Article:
category: Meta

Hey there.

While I’ve been pretty slack posting here over the last few years, but I feel like I’ve been even more neglectful of my long-time home on the web than usual. Partially, that’s because I find myself sharing less personal stuff publicly… but that’s not really an excuse. There’s plenty more to talk about.

I’ve got a handful of posts that have been sitting in partially-finished draft mode for months and I’ve continued to make a lot of quiet work on side projects. There are some new projects in the works and lots of ideas kicking around. Same as always, really.

Anyway, just wanted to say hi and say things are good. If you happen to spot this in your RSS reader (what now?) or by accident when googling me, take a sec to say hi in the comments. In the meantime, a picture from our recent 15th anniversary trip to St. Thomas.

My Conversation with Apple

Me: Hey, Apple, I’d love to submit my new podcast for inclusion in your iTunes Store podcast directory! Do you have a web form I can use?

Apple: We’d love to have you submit your podcast! All you have to do is download our desktop iTunes application and submit it through there.


Apple: Don’t worry! It’s only 145 megs.


(minutes pass)

Me: OK, fine. I’ll download your terrible, terrible piece of software just to submit what could be done with a simple web form.

(more minutes pass, downloading happens, submission happens)

Apple: We’ve got your submission! We’ll get back to you.

(a day passes)

Apple: Sorry. We’re not including your podcast. It could be for “a variety of reasons.”

Me: (throws head back and screams)

Ghosts, Unions, and Civil Rights Leaders

Yesterday, a story I originally told on The Daily Ping almost 13 years ago was featured in a Weekend Edition segment on NPR about “true life ghost stories.” Have a listen:

This marked my third time on NPR (sorta). On August 6, 2005, I was featured in a piece about unions’ role in the tech industry, a topic I was woefully unprepared to discuss. But NPR corresnpondent Frank Langfitt (now a Shanghai correspondent) caught me to chat in the parking lot outside of work.

Just two months later, NPR’s remembrance of civil rights (and anti-rap) activist C. Delores Tucker aired on my 30th birthday. It featured an uncredited segment of an interview I did with her from 8 or 9 years earlier.

I’m hoping that my fourth NPR appearance will also have nothing to do with the previous ones.

Dear Maury, Love Wikipedia

Things over on the Maury post have quieted down, as tends to happen when you close comments on a post. But, for fun, I recently made a visit to Maury’s Wikipedia entry, which has my blog entry linked up. Then I clicked over to the Talk page for Maury and found this gem:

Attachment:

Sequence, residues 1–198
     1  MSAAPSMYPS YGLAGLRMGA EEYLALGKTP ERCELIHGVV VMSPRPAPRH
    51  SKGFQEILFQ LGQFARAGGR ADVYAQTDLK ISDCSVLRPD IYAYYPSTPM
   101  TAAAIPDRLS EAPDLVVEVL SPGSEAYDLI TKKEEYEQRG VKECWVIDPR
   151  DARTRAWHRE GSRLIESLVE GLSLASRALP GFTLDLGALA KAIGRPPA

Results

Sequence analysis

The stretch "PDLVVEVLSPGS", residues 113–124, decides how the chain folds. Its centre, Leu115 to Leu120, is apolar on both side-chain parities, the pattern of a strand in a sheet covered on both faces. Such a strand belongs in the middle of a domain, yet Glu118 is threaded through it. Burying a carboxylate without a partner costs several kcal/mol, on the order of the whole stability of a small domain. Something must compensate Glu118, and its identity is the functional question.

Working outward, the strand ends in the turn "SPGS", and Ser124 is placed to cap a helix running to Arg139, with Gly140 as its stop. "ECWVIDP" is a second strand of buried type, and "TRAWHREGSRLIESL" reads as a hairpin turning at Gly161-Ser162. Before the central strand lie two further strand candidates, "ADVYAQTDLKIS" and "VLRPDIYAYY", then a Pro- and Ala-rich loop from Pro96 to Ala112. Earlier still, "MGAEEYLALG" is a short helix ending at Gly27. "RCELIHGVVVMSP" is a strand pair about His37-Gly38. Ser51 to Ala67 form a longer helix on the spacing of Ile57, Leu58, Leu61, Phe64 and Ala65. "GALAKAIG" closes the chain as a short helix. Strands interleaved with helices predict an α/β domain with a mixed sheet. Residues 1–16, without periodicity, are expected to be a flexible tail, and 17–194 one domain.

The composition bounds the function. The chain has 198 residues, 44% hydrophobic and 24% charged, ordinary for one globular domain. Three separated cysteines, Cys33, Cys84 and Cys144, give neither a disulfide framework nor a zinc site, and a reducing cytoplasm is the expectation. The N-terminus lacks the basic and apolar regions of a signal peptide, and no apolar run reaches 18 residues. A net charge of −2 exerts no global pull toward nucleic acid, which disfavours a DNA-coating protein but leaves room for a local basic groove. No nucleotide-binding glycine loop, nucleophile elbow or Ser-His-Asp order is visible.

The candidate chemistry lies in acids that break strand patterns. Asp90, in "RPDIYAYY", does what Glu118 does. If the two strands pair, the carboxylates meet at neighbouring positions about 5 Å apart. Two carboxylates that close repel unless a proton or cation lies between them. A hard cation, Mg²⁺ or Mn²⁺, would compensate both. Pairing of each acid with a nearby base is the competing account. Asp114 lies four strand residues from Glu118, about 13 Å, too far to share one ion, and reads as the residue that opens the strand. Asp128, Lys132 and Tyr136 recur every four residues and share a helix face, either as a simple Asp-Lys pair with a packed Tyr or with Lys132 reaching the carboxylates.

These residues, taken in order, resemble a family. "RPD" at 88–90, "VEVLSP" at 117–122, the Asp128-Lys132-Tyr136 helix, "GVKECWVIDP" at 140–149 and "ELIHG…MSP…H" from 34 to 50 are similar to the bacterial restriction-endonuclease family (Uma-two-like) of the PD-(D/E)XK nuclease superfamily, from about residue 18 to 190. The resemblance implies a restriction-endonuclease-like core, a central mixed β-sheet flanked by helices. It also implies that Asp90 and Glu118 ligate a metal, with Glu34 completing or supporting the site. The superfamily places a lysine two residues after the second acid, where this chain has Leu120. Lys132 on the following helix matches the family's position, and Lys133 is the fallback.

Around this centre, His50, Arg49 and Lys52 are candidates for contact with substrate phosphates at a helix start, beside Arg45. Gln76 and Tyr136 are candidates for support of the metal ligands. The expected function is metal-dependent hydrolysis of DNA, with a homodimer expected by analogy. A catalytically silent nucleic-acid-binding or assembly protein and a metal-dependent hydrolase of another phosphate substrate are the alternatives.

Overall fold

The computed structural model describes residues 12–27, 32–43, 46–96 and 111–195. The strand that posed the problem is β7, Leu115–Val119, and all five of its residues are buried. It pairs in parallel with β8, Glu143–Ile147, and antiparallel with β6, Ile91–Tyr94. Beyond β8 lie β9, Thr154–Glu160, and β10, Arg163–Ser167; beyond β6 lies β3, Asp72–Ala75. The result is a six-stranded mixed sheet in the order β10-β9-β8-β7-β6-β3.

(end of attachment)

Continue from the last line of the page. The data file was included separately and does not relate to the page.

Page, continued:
I had to laugh.

(Random Maury-blog-post-related story: A few years back at WebVisions in Portland, Paul and I were standing around with a few people, one of whom was Matt Haughey. Since Matt was the one who helped make the Maury post a sensation, I thought I’d be funny and introduce myself to him as Maury. He looked at me like I was an idiot and moved on.)

Welcome to 2011

While working on the relaunch of this site, I was thinking in the back of my head that it had been maybe five-ish years since I last redesigned the site. Turns out it’s been nearly eight years. That’s, um, a long time.

And a lot has happened in those eight years. When I launched that redesign, I was in the middle of my third Blogathon (the first two I participated in; the third I helped monitor). I was in my just-barely-late-20s. I was blogging something almost every day. I was running a myriad sites.

What happened since then? Facebook. Twitter. Fatherhood.

In the last couple of years, my blog disintegrated into a dusty pile of auto-posted delicious links. I wrote one or two posts of substance per year. I moved the mundane thoughts to Twitter. I made a conscious decision to move more personal postings to Facebook. But I never quite figured out what to do with

So, here I am, in 2011. Mid-30s. Dad. Several sites lighter. And feeling ready to revive this thing and give it another go.

From a design standpoint, even though I’m calling this a redesign, it’s not really. I’m just tweaking an existing template a little bit. I decided it was time to move to a simpler layout and clear out some cruft on the site (yeah, I know URLs should never die, but some of this content is begging to be killed). I like the one-column look this theme has and am perfectly happy not trying to cram every bit of content I’m producing into a sidebar.

From a content perspective, I’ve killed the auto-posted delicious links and while I’ve kept all the old blog content (I couldn’t let Maury go away, could I?), I’ve moved it all under a category called “Zee Classic Collection1.” While I’m not going to be posting anywhere near everyday, I’m shooting for a few moderate-length posts per month. Think Kottke minus the posts about David Foster Wallace, Errol Morris, and foodie topics. I’ll write about the stuff that interests me at the moment: tea, movies, music, retrofuturism, and Japanese fiction with the occasional bits of parenting, politics, and technology. I’m going to do my best to not jump on a topic just because everyone else is. I’m done with that game. I just want to write some good stuff about things I care about.

This is definitely a work in progress. Stuff’s going to break. I may bring some old content back. I’m experimenting with different content aggregation methods.

Dig in, enjoy, and pass along any feedback. Not sure how many of my old visitors are checking in, but if you are, say hi!

1 Why “Zee”? Because “Zee” sounds like “the” when said by a stereotypical movie Frenchman. Oh yeah, and because it’ll cause it to sort last on my archive page.